GPS Navigation and Maps

GPS Navigation has taken off in recent times and the further afield I travel the more inclined I am to have paper maps as a backup to my GPS navigator. I’ve concluded that there is NO single source of information I can trust in exclusion of all others. They can each contribute to the final solution on route choices. I’ll leave the pre-running exercise to the professional support/ride companies – they have to afford that. I have to decide where to go from my desktop – before I leave.

Paper Maps

I have HEMA maps of each state and a couple of smaller areas e.g. Flinders Rangers as well as South Australia. I also have the HEMA Australian Road & 4WD Easy Read Atlas. The atlas would be impossible for me to take along on a ride – it’s too big and heavy. But these maps do a good job of indicating the extent of differing road surfaces.

OpenStreetMaps (OSM)

mapsMy navigation software uses OpenStreetMaps as its source even though updates are only done about 3-4 times a year. But I can maintain a more up-to-date mapping environment in Basecamp with my own version of OSM maps.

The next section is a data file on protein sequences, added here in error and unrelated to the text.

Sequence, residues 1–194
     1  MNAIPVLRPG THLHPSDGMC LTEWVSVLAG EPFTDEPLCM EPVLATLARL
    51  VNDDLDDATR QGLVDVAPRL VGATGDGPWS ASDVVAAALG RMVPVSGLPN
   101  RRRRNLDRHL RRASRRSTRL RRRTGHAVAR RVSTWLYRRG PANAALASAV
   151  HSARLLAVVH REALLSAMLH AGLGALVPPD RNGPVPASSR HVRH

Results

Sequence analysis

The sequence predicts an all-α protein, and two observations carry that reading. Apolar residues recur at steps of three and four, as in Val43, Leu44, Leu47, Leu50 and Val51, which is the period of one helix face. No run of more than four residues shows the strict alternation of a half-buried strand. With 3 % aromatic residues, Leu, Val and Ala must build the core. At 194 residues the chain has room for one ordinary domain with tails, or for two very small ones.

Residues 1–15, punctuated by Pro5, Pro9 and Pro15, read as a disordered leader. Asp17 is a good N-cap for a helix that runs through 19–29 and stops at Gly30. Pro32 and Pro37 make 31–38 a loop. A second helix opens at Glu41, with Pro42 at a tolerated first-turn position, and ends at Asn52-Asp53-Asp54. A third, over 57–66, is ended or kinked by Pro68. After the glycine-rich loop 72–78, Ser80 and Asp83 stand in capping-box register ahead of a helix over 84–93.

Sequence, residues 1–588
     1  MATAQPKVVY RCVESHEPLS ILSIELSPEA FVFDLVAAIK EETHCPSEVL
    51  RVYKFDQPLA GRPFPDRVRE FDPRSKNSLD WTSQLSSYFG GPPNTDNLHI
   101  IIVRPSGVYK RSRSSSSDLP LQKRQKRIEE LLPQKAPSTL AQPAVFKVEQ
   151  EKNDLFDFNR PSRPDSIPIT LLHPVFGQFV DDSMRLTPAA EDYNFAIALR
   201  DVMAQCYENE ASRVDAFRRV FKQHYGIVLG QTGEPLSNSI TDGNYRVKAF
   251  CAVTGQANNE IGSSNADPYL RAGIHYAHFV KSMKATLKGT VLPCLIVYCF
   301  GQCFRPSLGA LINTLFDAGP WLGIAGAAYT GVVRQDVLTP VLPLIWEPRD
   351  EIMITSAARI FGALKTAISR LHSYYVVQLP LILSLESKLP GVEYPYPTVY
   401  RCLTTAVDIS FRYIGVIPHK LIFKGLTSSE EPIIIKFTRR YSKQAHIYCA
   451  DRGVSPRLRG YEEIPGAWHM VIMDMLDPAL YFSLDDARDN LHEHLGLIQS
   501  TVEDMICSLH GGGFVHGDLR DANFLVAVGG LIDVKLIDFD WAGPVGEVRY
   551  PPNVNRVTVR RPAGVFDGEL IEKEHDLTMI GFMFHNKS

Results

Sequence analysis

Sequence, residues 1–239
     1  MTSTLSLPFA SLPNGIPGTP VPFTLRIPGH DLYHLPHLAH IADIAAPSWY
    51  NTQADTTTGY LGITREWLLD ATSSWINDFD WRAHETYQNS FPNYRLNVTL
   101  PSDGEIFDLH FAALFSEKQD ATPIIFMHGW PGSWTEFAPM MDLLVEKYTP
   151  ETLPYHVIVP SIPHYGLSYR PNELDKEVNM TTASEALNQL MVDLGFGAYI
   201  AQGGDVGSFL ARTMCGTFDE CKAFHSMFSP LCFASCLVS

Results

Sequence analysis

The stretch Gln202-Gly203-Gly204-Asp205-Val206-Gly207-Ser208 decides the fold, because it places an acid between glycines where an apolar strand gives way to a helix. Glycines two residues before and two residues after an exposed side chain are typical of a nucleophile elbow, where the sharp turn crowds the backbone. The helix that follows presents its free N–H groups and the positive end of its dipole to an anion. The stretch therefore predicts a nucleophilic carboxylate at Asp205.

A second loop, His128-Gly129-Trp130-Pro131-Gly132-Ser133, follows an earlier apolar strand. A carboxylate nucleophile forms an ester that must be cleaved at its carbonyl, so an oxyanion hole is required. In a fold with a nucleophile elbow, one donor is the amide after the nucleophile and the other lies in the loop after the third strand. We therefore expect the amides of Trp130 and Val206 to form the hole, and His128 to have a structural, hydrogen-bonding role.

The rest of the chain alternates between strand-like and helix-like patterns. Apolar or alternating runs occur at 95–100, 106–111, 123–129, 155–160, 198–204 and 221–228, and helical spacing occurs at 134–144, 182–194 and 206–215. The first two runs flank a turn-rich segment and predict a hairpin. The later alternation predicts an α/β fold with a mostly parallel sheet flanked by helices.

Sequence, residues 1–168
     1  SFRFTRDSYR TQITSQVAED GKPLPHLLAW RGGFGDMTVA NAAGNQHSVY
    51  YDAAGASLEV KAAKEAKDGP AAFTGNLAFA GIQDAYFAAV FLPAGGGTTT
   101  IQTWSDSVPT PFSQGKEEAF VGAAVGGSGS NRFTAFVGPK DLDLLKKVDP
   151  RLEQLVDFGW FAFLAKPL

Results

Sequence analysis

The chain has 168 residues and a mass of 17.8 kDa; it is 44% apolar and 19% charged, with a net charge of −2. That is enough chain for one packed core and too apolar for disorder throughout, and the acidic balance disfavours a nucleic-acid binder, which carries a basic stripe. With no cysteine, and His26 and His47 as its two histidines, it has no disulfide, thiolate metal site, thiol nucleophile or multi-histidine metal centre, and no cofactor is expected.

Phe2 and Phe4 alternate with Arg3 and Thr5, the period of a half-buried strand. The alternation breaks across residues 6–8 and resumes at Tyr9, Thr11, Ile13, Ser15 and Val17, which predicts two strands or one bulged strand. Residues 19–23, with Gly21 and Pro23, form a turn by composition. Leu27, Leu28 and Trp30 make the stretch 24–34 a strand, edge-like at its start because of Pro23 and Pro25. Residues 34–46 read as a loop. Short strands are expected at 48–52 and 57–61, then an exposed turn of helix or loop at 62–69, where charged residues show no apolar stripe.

GPS Navigation

I used to use a Garmin GPS device on the bike. It unfortunately proved unreliable (random re-boots) and my model did not support tracks and was not water proof. It only accepted routes. Typically, routes end up constantly re-calculating which is not what you want. A track is locked down and fixed. You are either on it or not which is what you want.

So I found 2 things which made using my already waterproof phone a sensible idea.

The choice of navigation software is a personal thing. We discover and invest time in a solution and get happy with it. We don’t have time to go through this process with every alternative on the market. But I can highly recommend Locus. There’s a lot of good features and it’s never let me down and there’s a lot of good support.

Locus Maps is all offline (it even uses BRouter offline router for re-routing), it can show track gradients, it syncs really easily with Basecamp via a dropbox account or similar, it records your tracks, and much more.

SP Connect has RAM mounts and I use a long arm to get the phone nice and high just under the top of the windscreen.

QuadLock (Australian Company) now also have RAM mounts – they didn’t when I chose SP Connect.

One day there will be a good and affordable heads-up display for our helmets but for now they’re pretty expensive and pretty clunky.

Download the HDS AUS Maps and install them into Basecamp

Refer also to Planning and Mapping Tools.

One Reply to “GPS Navigation and Maps”

Leave a Reply

Your email address will not be published. Required fields are marked *